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Comment: "too hard for developers" (sniff) (Score 2) 65

by xxxJonBoyxxx (#46789085) Attached to: Samsung's Position On Tizen May Hurt Developer Recruitment

I don't understand the belly-aching. When I wrote code for Apple II machines, I had to know both BASIC and assembler. PC? Batch scripting, VB, C++, C#, SQL, InstallShield and still a little assembler. Web and mobile? Javascript, Java, Perl, PHP, Ruby, C#, ASP, Objective-C plus a few dozen "platforms", "frameworks" and what-not cobbled together with JSON, XML, CSS and various template and scripting syntaxes.

So, you have to learn three platforms to keep up with a line of devices? Boo hoo. Besides, an "app" should be something you can crap out in a month or two - these generally aren't monolithic platforms like Office - even the context-switching-disabled should be OK.

Comment: Re:are we seriously blaming google (Score 4, Insightful) 150

by xxxJonBoyxxx (#46786979) Attached to: Heartbleed Sparks 'Responsible' Disclosure Debate

>> are we seriously blaming google and not NSA who found the bug 4 years ago when the bug was first introduced?

Yes. The NSA is the US gov's lead black hat. Google's an advertising company that depends on people trusting the Internet for information and commerce. I'd expect the NSA to hoard information to assist their black-hatting, and I'd expect Google to quickly share anything they know so security vulnerabilities can be patched and people don't lose faith in the Internet*.

* = (Seriously, when people have asked me what to do about Heartbleed, I've said "don't buy anything you don't need, and try to avoid paying any bills online or doing any online checking for a week or two - then change your password as soon as you sign on.")

Comment: CISSP opinion: the patch proves Google f***ed up (Score 1) 150

by xxxJonBoyxxx (#46786835) Attached to: Heartbleed Sparks 'Responsible' Disclosure Debate

>> Google notified OpenSSL about the bug on April 1 in the US – at least 11 days after discovering it.

"OK, maybe it was caught up in legal. Suits at large corporations can take a while."

>> Google would not reveal the exact date it found the bug, but logs show it created a patch on March 21,

"On second thought, if the geeks on the ground had the authority to patch and roll to production, then why the finger to the Open Source community, Google?"

Comment: I doubt "no one knew" (Score 2) 114

>> What none of the attendees of the conference knew was that Google was pulling many of the strings behind the event

I doubt/hope that "no one knew." Conference agendas, like news stories, should always be read for brand-name frequency. (The brand name that appears most frequently or in the most positive manner is usually the one that hired the PR agency to plant the story in the first place. Same thing goes for a conference agenda.) What's the number one name on this conference agenda? Google.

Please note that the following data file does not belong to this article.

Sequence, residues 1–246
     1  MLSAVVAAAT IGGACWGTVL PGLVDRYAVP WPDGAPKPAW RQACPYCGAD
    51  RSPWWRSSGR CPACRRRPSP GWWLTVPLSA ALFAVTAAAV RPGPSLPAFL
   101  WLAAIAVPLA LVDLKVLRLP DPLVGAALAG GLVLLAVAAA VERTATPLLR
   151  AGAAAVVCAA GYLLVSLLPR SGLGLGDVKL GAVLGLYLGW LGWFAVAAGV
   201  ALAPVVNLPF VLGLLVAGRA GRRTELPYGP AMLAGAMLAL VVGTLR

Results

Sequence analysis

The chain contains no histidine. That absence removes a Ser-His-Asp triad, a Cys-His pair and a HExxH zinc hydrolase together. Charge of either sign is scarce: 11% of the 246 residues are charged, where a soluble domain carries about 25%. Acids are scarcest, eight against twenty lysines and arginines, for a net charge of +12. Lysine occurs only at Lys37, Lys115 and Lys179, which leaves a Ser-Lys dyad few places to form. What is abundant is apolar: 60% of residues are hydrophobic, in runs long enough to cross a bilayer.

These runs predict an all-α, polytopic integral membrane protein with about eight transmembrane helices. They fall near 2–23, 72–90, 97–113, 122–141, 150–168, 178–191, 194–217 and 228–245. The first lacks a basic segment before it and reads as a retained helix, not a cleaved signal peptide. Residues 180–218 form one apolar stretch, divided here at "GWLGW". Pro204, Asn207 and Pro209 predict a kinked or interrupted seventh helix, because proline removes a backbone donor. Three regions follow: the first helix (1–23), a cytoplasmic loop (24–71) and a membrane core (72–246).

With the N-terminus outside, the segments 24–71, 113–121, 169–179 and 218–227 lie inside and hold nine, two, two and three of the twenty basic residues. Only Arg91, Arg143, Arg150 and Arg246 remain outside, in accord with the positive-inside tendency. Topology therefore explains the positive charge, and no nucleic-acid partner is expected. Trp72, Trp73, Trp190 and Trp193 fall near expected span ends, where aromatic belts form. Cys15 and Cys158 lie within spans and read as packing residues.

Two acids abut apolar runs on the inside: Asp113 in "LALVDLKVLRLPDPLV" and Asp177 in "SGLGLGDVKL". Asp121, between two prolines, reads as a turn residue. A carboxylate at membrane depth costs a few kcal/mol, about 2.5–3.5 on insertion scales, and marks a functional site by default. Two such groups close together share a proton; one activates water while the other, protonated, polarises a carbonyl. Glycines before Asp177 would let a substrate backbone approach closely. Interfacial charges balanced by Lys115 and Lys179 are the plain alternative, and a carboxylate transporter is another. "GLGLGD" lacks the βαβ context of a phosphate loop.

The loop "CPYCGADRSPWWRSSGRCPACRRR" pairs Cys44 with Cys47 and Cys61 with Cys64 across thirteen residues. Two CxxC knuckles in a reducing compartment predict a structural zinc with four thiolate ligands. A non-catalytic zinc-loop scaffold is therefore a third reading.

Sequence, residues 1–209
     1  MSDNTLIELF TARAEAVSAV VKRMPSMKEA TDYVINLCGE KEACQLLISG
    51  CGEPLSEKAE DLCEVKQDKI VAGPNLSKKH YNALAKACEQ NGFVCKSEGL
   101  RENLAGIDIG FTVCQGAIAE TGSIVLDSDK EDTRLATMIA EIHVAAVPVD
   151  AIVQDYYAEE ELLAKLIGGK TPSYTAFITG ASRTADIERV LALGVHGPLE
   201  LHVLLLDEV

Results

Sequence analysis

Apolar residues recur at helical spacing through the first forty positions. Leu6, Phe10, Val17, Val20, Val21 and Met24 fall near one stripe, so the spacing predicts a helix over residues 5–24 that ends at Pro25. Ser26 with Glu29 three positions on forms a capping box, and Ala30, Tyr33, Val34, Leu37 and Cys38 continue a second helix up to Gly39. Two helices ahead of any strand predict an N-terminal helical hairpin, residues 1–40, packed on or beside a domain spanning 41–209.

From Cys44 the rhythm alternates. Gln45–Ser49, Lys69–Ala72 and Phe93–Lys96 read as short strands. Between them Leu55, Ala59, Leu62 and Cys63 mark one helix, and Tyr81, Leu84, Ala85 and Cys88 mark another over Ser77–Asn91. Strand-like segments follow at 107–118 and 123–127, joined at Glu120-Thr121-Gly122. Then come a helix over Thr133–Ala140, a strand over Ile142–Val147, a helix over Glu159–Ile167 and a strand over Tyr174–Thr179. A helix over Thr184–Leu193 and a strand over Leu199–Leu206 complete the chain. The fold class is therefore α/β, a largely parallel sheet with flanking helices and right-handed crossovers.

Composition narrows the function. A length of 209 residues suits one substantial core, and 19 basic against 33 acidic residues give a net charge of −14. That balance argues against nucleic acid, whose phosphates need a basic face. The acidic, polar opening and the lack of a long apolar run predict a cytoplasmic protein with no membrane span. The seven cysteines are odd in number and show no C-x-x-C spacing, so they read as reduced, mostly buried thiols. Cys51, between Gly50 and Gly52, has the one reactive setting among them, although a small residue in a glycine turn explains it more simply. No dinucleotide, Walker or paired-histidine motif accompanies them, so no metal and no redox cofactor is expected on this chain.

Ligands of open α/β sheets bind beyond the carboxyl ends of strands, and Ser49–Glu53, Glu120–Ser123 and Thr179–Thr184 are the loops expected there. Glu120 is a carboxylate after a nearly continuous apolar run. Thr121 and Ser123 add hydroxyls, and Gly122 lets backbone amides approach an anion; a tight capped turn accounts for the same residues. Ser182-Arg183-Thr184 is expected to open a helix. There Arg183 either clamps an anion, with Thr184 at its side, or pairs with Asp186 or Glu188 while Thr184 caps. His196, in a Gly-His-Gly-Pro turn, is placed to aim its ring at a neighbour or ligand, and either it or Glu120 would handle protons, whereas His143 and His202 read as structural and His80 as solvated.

So...if the academics attending the conference didn't guess it was Google sponsored...then they're probably not as bright as their titles suggest.

Comment: Nah...TL:DR (Score 5, Informative) 115

by xxxJonBoyxxx (#46698583) Attached to: Google Chrome 34 Is Out: Responsive Images, Supervised Users

A "responsive image" will load either a small or large version (or multiple versions) depending on the browsers's screen resolution. To do this, it makes an extra request to the server before requesting the appropriate image size.

(The referenced Opera article prattles on and on - Google's faster.)

Comment: Er...what's left in "open source" to talk about? (Score 4, Interesting) 129

by xxxJonBoyxxx (#46650247) Attached to: Interview: Ask Bruce Perens What You Will

Having lived through the entire lifecycle of "open source," it seems like its place in development communities and businesses is well-established, with a mix of different licensing and deployment models for whatever anyone wants to do.

So...is there really anything interesting left in "open source" to talk about? (Software patents, maybe, but even that's picked up some case law.)

Comment: He pretty much agrees with you on page 12. (Score 1) 277

>> Sane people will stay with salting and stretching, ideally with scrypt() to neutralize GPUs.

"Key stretching is orthogonal to PolyPassHash and could be trivially used in conjunction."

Hell, just the bit about bcrypt, etc. using a unique hash per password would have stopped most of these "grab the file then crack the table" hacks; the current focus of developers should probably just be to replace anything still using unsalted (or common salt) MD5/SHA1/SHA256 schemes.

Comment: WTF would you think we would enjoy an "audio ver"? (Score 5, Insightful) 142

by xxxJonBoyxxx (#46629763) Attached to: The Inside Story of Gmail On Its Tenth Anniversary

>> some readers may note that with this story we are slowly rolling out one we hope you enjoy -- an audio version of each Slashdot story.

Er...no thanks. There's a reason video tanked on this site too - your readership is too damn busy to wait for the talky-talk. So, we skim (and type) like crazy, and value text-heavy sites like Slashdot and Reddit. (OK, 15 seconds - time up - back to work!)

Comment: TL;DR (Score 3, Informative) 142

by xxxJonBoyxxx (#46629529) Attached to: The Inside Story of Gmail On Its Tenth Anniversary

Early use by a major company of Javascript consuming XML-based web services. Successfully leveraged Google's search engine. Design conflicted with the all-on-one-page "portal" paradigm of the time. Text ads instead of banner ads, and controversial because they were tied to the content of the messages. Original cluster was 300 servers.

"The most important thing in a man is not what he knows, but what he is." -- Narciso Yepes

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